If I were to ask you to describe yourself as a leader today, what would you say?
Are you a happy leader? An experienced leader? A reluctant leader? or maybe a terrified leader?
One question I am often asked in Toastmasters is why leadership? Why do you put yourself through it?
5 Cs to help remember what’s in it for us when we take up the mantle of leadership.
Maslow’s hierarchy of needs – when we get to the top of the pyramid and reach level of self actualization there is a desire to give back and taking a leadership role allows us to do that.
- Make a contribution to the district mission (We build new clubs and support all clubs in achieving excellence), helping bring the advantages of Toastmasters to a wider audience and helping members be fulfilled in quality clubs
- Make a contribution to the Toastmasters International Mission (We empower individuals to become more effective communicators and leaders). You support clubs to become centres of excellence for the member experience and so enable members to reach goals and achieve greater levels of competence and confidence
- Make a contribution to your district – encouraging excellence in education wherever you are
- Make a contribution to your peer group in the District Council meetings – sharing perspectives, encouraging each other.
You are a bridge between clubs and district. You facilitate the success of the clubs and help the district develop its goals.
You are not a district spy!
- You connect clubs in the area
- help them share ideas and share the responsibility of leading their clubs
- Help them catch enthusiasm from each other and share challenges
- You connect an exchange of ideas
- As you connect you increase your understanding of Toastmasters
- As you connect you can identify and develop future leaders
- Who shows a great attitude?
- Who is always available to help?
- Who gets on with others and is encouraging?
- Who asks questions and is interested?
- You get to practice collaboration in leadership
- You function as both a member of a team and its leader
- You need to identify a clear purpose and goals for the team
- As you work with others you learn how to develop and lead an inclusive team that functions well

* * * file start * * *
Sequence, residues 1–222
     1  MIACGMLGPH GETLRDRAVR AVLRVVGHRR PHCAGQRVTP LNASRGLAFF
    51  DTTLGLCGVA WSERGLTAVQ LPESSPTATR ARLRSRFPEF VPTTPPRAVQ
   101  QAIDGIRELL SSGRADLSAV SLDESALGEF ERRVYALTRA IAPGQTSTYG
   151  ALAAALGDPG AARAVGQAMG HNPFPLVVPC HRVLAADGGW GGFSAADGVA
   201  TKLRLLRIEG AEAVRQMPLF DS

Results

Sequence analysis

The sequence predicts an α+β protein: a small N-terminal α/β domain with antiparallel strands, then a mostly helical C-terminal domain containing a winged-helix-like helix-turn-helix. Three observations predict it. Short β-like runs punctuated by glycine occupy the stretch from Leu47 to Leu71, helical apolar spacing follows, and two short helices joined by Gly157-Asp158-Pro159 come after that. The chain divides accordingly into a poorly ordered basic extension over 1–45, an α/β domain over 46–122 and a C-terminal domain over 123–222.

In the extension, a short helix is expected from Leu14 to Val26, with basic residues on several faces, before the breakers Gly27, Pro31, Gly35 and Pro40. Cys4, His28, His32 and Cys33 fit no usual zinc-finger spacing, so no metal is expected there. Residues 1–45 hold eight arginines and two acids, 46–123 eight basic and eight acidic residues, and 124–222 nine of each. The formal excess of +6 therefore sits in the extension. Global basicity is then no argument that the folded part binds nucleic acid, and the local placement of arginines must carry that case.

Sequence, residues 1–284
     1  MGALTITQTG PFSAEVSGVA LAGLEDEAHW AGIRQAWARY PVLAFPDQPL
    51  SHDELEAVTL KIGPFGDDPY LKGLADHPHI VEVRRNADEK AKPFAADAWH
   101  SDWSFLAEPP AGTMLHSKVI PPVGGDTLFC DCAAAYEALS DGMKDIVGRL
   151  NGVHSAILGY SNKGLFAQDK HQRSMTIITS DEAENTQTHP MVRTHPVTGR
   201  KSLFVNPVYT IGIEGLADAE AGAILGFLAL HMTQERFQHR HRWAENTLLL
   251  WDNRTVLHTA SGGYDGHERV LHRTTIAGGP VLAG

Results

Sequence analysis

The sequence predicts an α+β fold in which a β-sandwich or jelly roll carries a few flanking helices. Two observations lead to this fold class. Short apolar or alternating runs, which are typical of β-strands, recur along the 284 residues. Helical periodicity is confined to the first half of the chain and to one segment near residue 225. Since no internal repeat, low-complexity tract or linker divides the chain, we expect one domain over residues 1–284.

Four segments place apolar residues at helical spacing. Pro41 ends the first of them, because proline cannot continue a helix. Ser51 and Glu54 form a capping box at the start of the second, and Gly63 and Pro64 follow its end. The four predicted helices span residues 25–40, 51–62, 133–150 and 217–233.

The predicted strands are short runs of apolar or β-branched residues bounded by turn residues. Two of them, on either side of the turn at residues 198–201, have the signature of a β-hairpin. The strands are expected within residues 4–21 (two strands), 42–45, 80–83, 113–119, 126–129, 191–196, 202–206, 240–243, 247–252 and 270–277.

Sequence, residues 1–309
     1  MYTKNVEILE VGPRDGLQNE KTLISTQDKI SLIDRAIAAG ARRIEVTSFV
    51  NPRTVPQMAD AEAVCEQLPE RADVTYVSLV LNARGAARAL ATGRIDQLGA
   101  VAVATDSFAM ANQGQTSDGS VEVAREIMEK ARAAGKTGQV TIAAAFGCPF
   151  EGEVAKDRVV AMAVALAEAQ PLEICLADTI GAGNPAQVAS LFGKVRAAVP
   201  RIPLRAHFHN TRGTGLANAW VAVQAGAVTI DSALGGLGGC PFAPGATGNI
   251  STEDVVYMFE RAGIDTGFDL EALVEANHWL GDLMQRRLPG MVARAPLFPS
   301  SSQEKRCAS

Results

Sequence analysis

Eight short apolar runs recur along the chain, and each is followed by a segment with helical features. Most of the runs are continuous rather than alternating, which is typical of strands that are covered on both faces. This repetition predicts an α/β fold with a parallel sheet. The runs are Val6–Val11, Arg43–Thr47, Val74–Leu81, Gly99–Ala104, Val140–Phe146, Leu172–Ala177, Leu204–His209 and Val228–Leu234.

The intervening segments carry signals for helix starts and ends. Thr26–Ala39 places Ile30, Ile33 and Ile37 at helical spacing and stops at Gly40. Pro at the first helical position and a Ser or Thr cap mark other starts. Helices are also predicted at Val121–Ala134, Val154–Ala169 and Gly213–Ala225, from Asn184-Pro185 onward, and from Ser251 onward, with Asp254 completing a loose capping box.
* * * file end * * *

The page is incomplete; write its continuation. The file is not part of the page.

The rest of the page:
- You learn how collaboration helps you to manage change and accomplish something significant
- You collaborate with your peer group – consider peer mentoring.
Stephen Covey quote:
“Opposition is a natural part of life. Just as we develop our physical muscles through overcoming opposition- such as lifting weights – we develop our character muscles by overcoming challenges and adversity.”
Challenges will come – may be your own personal challenges e.g. fear of failure, lack of confidence or it may be in working with others.
- Develop character as you deal with political issues and conflicts
- Your integrity is put to the test, when you are tired or stressed. For example when someone offers you an easy option that lacks integrity it can be tempting to take it
- Your core values come in to focus. We make decisions through the filter of our values. It can be a chance to discover very clearly what your own personal core values are
- Don’t stay stuck when you face challenges. You are not alone. There is a team and others in the district to help you and support you to reach decisions and to persevere.
In district leadership you are given an opportunity to become a collector of many things:
- Leadership skills
- Planning and organizing
- Guiding a successful team
- Change management
- Conflict resolution
- Presentation skills
- Giving and receiving constructive feedback
- Inspiring others
Think not just about achieving Distinguished Toastmaster Award by serving but about the skills you will gain in the process and let this be a year where you make steps towards being a leader who is made.
When you look back at the end of the year what kind of leader would you say you are? I hope you are a satisfied and skilled leader and ready to continue developing as a leader and / or support others in their leadership path.
International Director 2017-19
Last Updated on 11th November 2019 by Susan Rayner